On Syria

While war should be the last resort and peace is always desired, still, sometimes war is an ugly necessity in order to avoid an even greater evil.

Protester holds a poster of Syria's President Bashar Assad (photo credit: Reuters)
Protester holds a poster of Syria's President Bashar Assad
(photo credit: Reuters)
The debate as to what constitutes a just war is ancient. The old saying “all is fair in love and war” might be true for love, but it is patently untrue for war. Politicians, diplomats, scholars, theologians and lawyers have devoted a great deal of their time to the challenging task of establishing criteria for waging a just war.
There is no justification for war except for aggression. Aggression justifies two kinds of violent response: Defensive war by the attacked party, and a war of law enforcement by the attacked party and by any other nation of the international community. The justice of war, “jus ad bellum,” concerns the reasons that brought about the war; ideas about righteous reason, righteous authority, righteous intention. The justice of the cause needs to be sufficiently great to warrant warfare.
While war should be the last resort and peace is always desired, still, sometimes war is an ugly necessity in order to avoid an even greater evil.
More than 100,000 people have been killed in Syria since the civil war there began. President Barack Obama’s foreign policy goal is to bring American troops home, reduce military intervention in the world, and secure US borders. This policy is contrary to that of Obama’s predecessor George W. Bush, who had no qualms about sending American troops to wage war in Iraq and a futile war in Afghanistan. Obama is reluctant to interfere in conflict zones.
Thus he has observed the killing in Syria and opted for limited American involvement – supplying the Syrian opposition with weapons. Obama is also unsure who would replace Assad. Hence it was possible for the Syrian civil war to take its toll for so many months.
However, the use of chemical weapons is beyond the scope of tolerance. Observing the criteria of just war, waging war on Syria, after a long period of probing and after exhausting other alternatives, seems inescapable.
Without a decisive action against the Assad regime we can expect a continuation of bloodshed.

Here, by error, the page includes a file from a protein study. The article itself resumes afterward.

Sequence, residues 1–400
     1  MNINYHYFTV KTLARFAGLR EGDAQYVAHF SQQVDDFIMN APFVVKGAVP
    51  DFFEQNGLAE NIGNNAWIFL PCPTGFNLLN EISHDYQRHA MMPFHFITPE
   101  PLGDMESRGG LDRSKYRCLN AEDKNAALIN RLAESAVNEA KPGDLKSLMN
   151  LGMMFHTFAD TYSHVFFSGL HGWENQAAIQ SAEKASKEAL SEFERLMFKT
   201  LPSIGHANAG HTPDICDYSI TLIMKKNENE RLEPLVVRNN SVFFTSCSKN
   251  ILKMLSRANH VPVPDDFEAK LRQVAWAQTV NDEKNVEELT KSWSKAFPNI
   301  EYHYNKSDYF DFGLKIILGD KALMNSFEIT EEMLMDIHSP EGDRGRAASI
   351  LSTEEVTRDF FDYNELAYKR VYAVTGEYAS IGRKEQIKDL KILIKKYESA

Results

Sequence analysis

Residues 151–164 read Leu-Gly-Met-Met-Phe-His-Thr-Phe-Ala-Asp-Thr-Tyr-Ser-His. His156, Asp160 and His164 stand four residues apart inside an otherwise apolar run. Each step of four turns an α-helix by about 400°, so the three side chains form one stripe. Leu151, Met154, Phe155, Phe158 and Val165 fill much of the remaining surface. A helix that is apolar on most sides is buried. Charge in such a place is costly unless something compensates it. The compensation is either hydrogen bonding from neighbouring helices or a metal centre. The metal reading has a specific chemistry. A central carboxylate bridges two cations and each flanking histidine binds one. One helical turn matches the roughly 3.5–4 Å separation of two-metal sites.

Tens of thousands more would be killed and the region would remain volatile and unstable.
Now it is time for Obama to assert leadership as president of the only superpower, as the leader of the free world.
IT WOULD have been sensible to exert pressure via the United Nations. The forerunner of the United Nations, the League of Nations, was established in 1919 under the Treaty of Versailles “to promote international cooperation and to achieve peace and security.”
At the conclusion of WWII, in 1945, representatives of 50 countries met in San Francisco at the United Nations Conference on International Organization to draw up the United Nations Charter.
The Charter was signed on June 26, 1945, and the United Nations officially came into existence on October 24, 1945, when the Charter had been ratified by China, France, the Soviet Union, the United Kingdom, the United States and by a majority of other signatories.
However, the UN is ineffective due to the Russian and Chinese support of the Syrian dictatorship.
Surprise surprise, economic interests are way more important than human life.
The model to follow is Operation Desert Storm.
To recall, the US assembled a coalition of forces to join it in opposing Iraq’s aggression, consisting of forces from 34 countries, including Argentina, Australia, Bahrain, Bangladesh, Canada, Denmark, Egypt, France, Morocco, New Zealand, Niger, Norway, Oman, Pakistan, Portugal, Qatar, South Korea, Saudi Arabia, Senegal, Sierra Leone, Singapore, Spain, Syria, the United Arab Emirates and the United Kingdom.
President Obama should assemble a similar force to oust the brutal Assad regime. The force should include Arab countries. The operation would begin by striking the Syrian army heavily from the sea and from the air. The Syrian opposition coalition is said to have supplied the Americans with a bank of targets.
Then follow with a comprehensive ground attack, ensuring Syria won’t fall into the hands of radical Islamists. The US should work together with the moderate elements to install a new government in Damascus. Replacing one evil with another won’t be prudent. The US should work together with the Arab countries and with the Syrian opposition, ascertaining that Syria does not fall in the hands of jihadi terrorists.
Toppling the Assad dictatorship without assuring the identity of the successor is a recipe for further bloodshed and instability. The US should take effective means to see that Syria will be governed by people who prefer compromise to violence, who respect human life and who wish Syria to become a respected member of the League of Nations instead of a notorious country on the list of terrorist states.
The author (D. Phil., Oxon) is an educator, researcher, human rights activist and director of the Middle East Study Group of the University of Hull, UK. He regularly writes on Israel and Middle East Affairs.